The most recent dataset shows that the COVID-19 related lockdown restrictions severely hit the Indian economy in the second quarter of 2020. India’s Gross Domestic Product (GDP) declined by 23.9% y-o-y during this period, the worst contraction in decades.
The agriculture industry was the only industry that experienced a growth (3.4% y-o-y), while sectors such as construction (-50% y-o-y), transport, communication, mining and manufacturing reported a steep decline. The growth experienced by the agriculture industry is in line with the increase in demand for various food commodities (domestic and international), as consumers coped with the impact of the pandemic. In addition, other indicators such as private consumption, which accounts for 57% of GDP, fell by 26.7% y-o-y, while exports fell by 20% y-o-y during Q2 2020. A decline in private consumption signals less buying power of consumers to spend on goods and services in the market, and thus a weak economy. Consequently, if private consumption continues to decline, the demand for commodities is likely to remain weak, weighing on prices.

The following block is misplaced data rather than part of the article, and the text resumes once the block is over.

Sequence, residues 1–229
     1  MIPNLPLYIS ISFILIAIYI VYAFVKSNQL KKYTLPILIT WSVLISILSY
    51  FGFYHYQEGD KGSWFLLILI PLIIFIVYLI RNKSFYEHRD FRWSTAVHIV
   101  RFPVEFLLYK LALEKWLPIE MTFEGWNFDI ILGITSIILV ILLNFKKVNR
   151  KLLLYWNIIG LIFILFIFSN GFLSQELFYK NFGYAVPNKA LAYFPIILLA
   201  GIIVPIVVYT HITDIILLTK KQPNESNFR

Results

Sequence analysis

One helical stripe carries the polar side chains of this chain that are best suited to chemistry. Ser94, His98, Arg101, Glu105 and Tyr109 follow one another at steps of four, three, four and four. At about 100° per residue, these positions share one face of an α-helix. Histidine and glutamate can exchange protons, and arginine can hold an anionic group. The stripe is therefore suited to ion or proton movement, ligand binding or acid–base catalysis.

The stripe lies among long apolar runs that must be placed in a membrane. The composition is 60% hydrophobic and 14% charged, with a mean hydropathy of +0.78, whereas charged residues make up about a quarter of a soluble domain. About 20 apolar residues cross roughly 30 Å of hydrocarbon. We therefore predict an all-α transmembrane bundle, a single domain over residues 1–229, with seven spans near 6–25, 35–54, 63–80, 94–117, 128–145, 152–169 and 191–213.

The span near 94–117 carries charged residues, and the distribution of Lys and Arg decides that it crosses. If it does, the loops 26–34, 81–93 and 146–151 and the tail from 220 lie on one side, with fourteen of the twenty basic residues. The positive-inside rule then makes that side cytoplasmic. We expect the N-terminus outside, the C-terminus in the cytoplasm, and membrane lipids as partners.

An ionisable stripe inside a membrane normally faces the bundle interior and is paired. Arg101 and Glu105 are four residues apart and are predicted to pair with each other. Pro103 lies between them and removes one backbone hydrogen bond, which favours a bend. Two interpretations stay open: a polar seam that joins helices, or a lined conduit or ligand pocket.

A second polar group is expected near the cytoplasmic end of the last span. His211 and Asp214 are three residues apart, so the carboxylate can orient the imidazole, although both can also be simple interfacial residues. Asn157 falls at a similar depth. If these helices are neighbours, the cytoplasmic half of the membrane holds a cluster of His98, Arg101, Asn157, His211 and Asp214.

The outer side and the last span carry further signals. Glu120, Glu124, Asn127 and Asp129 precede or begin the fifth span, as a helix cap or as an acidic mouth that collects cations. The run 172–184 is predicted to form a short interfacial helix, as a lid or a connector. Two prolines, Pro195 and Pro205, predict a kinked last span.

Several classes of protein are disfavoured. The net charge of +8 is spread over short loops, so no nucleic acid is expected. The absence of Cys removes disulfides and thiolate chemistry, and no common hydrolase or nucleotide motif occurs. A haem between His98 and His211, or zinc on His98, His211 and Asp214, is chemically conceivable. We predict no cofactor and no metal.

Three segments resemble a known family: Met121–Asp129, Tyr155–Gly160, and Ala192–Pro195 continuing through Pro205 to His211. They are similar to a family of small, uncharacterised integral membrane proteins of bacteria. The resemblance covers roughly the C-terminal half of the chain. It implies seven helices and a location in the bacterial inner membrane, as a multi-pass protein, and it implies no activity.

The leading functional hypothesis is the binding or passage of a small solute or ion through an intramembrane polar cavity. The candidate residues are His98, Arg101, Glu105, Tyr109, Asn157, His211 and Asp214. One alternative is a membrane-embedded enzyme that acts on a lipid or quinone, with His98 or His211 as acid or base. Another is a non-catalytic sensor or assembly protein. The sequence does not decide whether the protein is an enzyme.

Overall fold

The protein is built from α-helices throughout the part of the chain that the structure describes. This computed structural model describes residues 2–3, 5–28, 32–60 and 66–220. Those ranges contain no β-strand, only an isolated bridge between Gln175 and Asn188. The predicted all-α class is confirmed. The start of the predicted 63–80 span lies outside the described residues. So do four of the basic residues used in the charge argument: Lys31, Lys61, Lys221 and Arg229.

The Indian government has been trying to support the supply-side factors, which could prevent the GDP from falling further. However, an increasing number of COVID-19 cases in the country is expected to result in local/national lockdown. This is likely to result in lower consumer spending, thus acting as a downside risk to economic growth.
India is one of the top exporters of commodities such as onions, cotton, sugar, rice, spices and aluminum and one of the biggest importers of crude oil and nuts. Mintec prices for Indian onion and cotton fell by 56% q-o-q and 9% q-o-q respectively in Q2 2020, in line with a y-o-y decline in exports. Also, Mintec prices for aluminium fell by 4% q-o-q during the same time. Overall, the current market situation in India indicates a weaker economic outlook, which could lead to potential production/cultivation issues. Top Indian exporting destinations such as Bangladesh, Vietnam, China and Sri Lanka are likely to experience supply deficit, exerting upward pressure to commodity prices.